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Newsline 8 April 2016

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Parliamentary RE group 'turning into a religious sect'

Parliamentary RE group 'turning into a religious sect'

News | Wed, 06 Apr 2016

The founding chairman of the All Party Parliamentary Group on religious education has warned that the group has been taken-over by religious "fundamentalists".

Church of England bishops are more elitist than David Cameron’s cabinet

Church of England bishops are more elitist than David Cameron’s cabinet

Opinion | Tue, 05 Apr 2016

A small, almost entirely Oxbridge-educated elite are given automatic seats in Parliament. How do we allow this to continue, asks Ed Moore.

In 2015 a widely debated report from the Sutton Trust pointed out just how many of David Cameron's new Conservative cabinet went to elite schools and universities and how unrepresentative this was of the general population of the country.

The Guardian calculated of the 32 people attending cabinet meetings:

- 50% went to Oxbridge

- 34% attended a Russell Group university other than Oxbridge

- 53% attended an independent school

- 7% attended grammar schools

If we do the same analysis on the current 40 enthroned or acting diocesan bishops how does it compare? Interestingly:

- 85% studied at Oxford or Cambridge

- 12.5% attended a Russell Group university other than Oxbridge

- 32.5% attended an independent school

- 32.5% attended a grammar school

Just one Bishop failed to attend an elite university and 5% more bishops attended a selective or fee-paying school than the perceived establishment Conservatives.

I've been reading Secularization and Moral Change by Alasdair MacIntyre and he includes a passage that helps explain the situation:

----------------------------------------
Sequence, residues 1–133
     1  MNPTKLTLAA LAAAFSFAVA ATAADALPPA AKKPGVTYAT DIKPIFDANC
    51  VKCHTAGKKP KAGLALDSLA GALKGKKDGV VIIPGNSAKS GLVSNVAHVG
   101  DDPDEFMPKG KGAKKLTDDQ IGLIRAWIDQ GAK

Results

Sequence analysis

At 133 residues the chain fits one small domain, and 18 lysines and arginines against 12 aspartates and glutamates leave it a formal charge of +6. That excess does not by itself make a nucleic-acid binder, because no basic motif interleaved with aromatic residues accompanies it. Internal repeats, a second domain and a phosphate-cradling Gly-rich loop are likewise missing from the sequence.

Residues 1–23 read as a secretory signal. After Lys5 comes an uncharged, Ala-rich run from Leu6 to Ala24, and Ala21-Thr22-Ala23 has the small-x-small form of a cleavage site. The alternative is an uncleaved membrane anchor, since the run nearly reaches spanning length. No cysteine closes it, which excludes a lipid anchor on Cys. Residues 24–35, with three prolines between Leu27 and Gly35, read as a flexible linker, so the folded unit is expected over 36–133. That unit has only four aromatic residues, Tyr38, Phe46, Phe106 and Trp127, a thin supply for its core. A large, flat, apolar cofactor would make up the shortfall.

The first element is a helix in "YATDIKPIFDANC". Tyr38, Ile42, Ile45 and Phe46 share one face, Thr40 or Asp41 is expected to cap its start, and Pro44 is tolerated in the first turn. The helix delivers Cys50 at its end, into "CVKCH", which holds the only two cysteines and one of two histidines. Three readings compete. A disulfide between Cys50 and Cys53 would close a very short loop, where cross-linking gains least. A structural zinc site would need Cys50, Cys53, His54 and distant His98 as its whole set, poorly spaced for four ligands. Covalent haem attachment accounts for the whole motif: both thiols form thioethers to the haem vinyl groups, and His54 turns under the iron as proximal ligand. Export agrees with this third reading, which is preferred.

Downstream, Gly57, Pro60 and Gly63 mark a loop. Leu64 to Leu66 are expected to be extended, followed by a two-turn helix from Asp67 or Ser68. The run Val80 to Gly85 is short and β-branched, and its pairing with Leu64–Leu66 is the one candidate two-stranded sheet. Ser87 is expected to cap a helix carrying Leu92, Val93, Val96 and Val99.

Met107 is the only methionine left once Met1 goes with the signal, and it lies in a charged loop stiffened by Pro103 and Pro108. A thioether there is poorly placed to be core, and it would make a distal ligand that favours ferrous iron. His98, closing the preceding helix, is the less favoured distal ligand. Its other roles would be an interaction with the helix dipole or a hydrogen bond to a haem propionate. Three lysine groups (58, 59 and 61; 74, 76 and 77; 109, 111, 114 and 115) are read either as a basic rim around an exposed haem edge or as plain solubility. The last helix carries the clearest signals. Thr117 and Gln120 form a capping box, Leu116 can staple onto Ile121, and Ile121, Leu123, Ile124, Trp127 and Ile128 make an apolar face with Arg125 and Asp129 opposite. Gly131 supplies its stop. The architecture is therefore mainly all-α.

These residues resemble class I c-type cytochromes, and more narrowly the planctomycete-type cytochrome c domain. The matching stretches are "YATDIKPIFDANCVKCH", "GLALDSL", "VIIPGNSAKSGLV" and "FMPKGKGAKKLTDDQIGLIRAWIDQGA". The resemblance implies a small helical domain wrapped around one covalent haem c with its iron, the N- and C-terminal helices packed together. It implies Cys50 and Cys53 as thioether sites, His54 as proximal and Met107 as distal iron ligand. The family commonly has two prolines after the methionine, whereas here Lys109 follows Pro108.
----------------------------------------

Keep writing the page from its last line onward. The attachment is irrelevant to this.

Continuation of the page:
"The upper classes integrated religion into their recognized status system. Being an Archdeacon or a Dean, let alone a Bishop, confers, and always has conferred, social status in the same way as certain ranks in the armed forces do. This is scarcely surprising since so large a number of the higher clergy went to public schools and to Oxford or Cambridge and come from precisely the same families which produce Colonels and Rear-Admirals."

It would be interesting to get a viewpoint from the Church of England as to why the bishops come from so privileged a position and what the church is doing to promote priests from poorer backgrounds to redress the balance. This would be their own internal problem, save for the fact that twenty-six of their bishops (including two archbishops) have a very privileged position in parliament.

These clerics have votes and seats (as of right) in the House of Lords, wield significant political influence, particularly over publicly funded education, yet come from a very particular social, economic and educational class.

Their backgrounds lend them to a religiosity, affiliated with their class and educational background, which is not shared by most of the population.

There is much angst about the Government being unrepresentative - and if you share that view you can vote them out of office. But for the bishops there is no democratic recourse whatsoever.

Alasdair MacIntyre's lecture was from 1967, in fifty years not much seems to have changed.

Scotland is a mosaic of religions and beliefs – but the research shows people turning away from politicised faith